The re-use of ship timber in terrestrial buildings is a practice for which there are still relatively few authenticated examples in the archaeological record in the UK, and even fewer in Scotland. To date, isolated discoveries are confined to both domestic and industrial buildings located in areas such as the coastal towns of the East Neuk of Fife and city dwellings such as Gladstone’s Land on Edinburgh’s Royal Mile.
The fascinating discovery an assemblage of re-cycled ship timbers at McArthur’s Store in Dunbar offers rare archaeological evidence of such practices in Scottish contexts from the age of sail. The assemblage comprises the largest corpus of re-used ship timbers from a vernacular context found to date in Scotland, a point of considerable historic significance. This assemblage like those discovered elsewhere are almost certainly derived from vernacular craft, such as fishing vessels and coastal traders, probably built, operated and broken up in the numerous coastal communities around the Scottish coast. The timbers as a whole appear to be far removed from the more standardized, higher quality ship timber components derived from naval vessels, such as those discovered at Chatham Historic Dockyard, the former Dockyard at Deptford and the Chesapeake Mill in Hampshire (Atkinson 2001; Prescott and Atkinson, 2003; Atkinson, 2007). The significance of discoveries such as those at Mac Arthur’s Store lie in the relative rarity of these finds – and ultimately the information that can be gained from such discoveries.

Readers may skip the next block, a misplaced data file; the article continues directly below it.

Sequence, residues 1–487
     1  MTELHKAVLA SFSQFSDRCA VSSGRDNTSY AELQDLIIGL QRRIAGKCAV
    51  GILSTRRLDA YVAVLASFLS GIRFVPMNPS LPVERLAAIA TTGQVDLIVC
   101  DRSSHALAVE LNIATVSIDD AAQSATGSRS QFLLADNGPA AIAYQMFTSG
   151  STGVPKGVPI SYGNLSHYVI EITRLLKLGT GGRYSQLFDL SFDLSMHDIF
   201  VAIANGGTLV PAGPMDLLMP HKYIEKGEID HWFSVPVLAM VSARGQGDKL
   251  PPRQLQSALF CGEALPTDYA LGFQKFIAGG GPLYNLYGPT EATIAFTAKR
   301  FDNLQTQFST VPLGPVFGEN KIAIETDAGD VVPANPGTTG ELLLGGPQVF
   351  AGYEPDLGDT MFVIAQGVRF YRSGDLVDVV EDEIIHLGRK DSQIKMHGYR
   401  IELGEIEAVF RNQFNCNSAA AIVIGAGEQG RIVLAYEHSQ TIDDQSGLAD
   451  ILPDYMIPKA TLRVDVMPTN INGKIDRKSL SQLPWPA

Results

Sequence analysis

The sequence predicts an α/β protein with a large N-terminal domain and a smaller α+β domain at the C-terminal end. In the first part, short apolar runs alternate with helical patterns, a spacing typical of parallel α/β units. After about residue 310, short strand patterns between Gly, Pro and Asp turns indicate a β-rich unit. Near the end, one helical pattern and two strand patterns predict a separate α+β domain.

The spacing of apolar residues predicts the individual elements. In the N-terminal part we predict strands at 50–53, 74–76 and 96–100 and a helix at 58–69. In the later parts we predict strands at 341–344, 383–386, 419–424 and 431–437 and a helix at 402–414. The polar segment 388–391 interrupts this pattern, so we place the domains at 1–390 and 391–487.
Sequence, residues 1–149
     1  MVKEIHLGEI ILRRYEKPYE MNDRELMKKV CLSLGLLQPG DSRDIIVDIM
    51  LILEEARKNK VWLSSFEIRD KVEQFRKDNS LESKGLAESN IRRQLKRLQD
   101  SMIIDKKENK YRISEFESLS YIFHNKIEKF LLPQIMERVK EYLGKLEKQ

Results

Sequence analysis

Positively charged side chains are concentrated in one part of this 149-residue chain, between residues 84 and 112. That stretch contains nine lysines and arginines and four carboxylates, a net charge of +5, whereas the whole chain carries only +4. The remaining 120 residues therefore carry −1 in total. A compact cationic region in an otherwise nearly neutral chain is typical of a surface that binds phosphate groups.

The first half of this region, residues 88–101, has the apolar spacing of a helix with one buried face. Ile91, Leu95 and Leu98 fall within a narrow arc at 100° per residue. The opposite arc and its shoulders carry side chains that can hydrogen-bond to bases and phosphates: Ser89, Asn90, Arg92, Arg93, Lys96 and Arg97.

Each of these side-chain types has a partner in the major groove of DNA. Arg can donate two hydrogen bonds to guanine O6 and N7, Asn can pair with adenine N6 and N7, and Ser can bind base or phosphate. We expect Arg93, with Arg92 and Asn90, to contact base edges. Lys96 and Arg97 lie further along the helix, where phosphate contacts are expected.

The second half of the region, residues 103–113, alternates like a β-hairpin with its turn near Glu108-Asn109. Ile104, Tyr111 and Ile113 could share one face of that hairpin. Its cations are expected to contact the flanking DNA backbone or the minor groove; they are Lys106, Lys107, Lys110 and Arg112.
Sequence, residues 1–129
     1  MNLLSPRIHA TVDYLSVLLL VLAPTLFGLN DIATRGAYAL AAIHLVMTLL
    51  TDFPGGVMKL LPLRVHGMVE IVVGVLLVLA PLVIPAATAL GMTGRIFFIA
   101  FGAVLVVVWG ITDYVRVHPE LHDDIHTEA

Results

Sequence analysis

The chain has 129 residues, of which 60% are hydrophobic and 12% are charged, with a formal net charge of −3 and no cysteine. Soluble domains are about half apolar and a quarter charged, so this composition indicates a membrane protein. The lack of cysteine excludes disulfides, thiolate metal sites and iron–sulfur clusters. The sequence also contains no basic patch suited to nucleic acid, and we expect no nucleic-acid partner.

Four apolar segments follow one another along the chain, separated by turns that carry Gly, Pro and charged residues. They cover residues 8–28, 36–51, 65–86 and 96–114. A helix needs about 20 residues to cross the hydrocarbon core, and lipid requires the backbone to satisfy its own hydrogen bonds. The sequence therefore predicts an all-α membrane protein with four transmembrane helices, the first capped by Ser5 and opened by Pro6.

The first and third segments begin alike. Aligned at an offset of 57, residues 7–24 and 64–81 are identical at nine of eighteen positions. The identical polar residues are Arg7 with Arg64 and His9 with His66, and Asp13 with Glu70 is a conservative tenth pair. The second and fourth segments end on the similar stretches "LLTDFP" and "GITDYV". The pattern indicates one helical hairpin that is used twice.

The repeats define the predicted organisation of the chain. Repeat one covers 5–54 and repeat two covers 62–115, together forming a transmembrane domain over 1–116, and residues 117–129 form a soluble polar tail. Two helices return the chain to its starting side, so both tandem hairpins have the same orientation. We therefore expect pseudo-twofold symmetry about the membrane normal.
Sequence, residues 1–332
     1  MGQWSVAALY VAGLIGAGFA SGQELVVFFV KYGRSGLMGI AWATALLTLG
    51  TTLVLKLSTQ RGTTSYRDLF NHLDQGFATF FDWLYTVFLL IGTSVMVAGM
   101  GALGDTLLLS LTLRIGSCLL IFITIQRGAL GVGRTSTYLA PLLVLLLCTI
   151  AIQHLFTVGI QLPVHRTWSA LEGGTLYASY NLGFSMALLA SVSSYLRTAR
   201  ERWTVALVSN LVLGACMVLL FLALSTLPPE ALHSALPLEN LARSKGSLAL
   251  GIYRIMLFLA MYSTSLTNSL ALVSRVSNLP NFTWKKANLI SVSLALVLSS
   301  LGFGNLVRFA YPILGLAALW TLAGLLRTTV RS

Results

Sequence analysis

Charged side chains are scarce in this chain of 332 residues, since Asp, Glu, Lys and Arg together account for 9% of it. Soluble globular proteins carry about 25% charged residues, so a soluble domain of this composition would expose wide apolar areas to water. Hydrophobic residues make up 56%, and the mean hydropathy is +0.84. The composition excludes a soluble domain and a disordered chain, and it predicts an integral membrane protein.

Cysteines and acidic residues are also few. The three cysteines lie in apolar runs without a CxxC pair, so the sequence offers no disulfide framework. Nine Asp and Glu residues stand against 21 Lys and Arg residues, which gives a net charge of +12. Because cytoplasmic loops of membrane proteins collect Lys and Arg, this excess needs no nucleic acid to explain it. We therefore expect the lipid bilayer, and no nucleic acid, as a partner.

What is clear is the very apparent un-tapped resource for research into aspects of boat and ship timber re-use in Scotland. The story is potentially extensive, both geographically and temporally, and a well structured research strategy could add considerably to the known maritime cultural heritage resource and evidence for ship-breaking and the recycling of timber in terrestrial vernacular and industrial contexts.